Protesters at the Justice for Us march on March 29 gather together in downtown Atlanta. Some participants raise their fists to show solidarity.

Ava Likins

Protesters at the Justice for Us march on March 29 gather together in downtown Atlanta. Some participants raise their fists to show solidarity.

Students share perspectives on police brutality protests

Those frustrated with the deaths of African Americans at the hands of police officers have taken to the streets, joining widespread protests in major cities across the nation, including Atlanta. The deaths of Ahmaud Arbery, Breonna Taylor and George Floyd, among others, have catalyzed a movement against social injustice, systemic racism and the state of policing in the United States.

Largely thanks to social media and coverage from news outlets, these deaths have received widespread attention, strengthened the platform of those fighting against social injustice and fostered a new age of activists. For many students, these deaths have fueled their own personal outrage in regards to police brutality; now more than ever, the youth want their voices to be heard.

For senior Inaya Abdul-Haqq, she sees a striking resemblance between the protests and the Civil Rights Movement that her father experienced first-hand and told her stories about.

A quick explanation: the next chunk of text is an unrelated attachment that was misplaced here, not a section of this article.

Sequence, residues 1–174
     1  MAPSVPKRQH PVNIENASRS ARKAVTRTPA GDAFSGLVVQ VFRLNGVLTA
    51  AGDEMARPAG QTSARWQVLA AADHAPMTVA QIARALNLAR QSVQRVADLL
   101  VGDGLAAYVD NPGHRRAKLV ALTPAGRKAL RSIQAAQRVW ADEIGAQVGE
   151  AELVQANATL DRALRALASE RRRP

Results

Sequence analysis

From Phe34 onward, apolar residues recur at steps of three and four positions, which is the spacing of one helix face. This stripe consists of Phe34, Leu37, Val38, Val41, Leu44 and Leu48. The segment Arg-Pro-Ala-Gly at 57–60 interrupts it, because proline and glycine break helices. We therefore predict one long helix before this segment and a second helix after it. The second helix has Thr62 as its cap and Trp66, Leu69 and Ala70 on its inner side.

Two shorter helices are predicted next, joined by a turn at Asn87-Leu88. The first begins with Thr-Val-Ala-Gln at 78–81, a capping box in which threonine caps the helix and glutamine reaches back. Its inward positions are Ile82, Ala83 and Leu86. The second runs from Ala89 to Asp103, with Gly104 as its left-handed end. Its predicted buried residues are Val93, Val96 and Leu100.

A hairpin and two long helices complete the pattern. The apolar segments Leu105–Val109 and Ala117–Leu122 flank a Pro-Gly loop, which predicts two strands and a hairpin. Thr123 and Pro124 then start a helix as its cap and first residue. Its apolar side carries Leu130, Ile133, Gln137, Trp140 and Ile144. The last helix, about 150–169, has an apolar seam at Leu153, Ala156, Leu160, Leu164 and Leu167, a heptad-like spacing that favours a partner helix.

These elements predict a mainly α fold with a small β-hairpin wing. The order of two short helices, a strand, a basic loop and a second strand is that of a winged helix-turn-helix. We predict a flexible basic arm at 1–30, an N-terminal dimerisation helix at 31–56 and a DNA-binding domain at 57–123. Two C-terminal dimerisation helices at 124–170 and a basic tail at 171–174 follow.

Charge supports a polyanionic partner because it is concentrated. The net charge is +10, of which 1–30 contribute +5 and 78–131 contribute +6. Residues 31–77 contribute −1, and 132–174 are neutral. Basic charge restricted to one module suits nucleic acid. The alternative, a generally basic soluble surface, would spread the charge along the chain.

“I was talking to my dad about this, and he was like, ‘for me, it was Emmett Till, but for you guys, it’s George Floyd’,” Abdul-Haqq said. “The name may change, and the story may change, but we’re still fighting for the same things. The parallels are uncanny.”

Senior Griffin Richie* supports the Black Lives Matter movement but views riots as counterproductive to the end goal of the movement. 

“The anger behind the riots is 100% justified,” Richie said. “However, riots can hurt Black and brown-owned businesses. Additionally, some people may equate looters to the peaceful protesters, and that undermines public support for the movement as a whole.” 

To amplify the voices of those who feel strongly about the movement, the Southerner gave Grady students the opportunity to share their opinions on the state of recent protests. Five students reflected upon their viewpoints of the demonstrations and the driving forces that ignited protests.


*Griffin Richie is the brother of the Southerner editor Dana Richie, who contributed to this article.

Let’s return to nonviolent protests
The majority must be an ally to the minority
No excuse for hatred toward African Americans
Self-proclaimed pacifist tired of ‘innocent people of color being murdered’
What I believe in this moment

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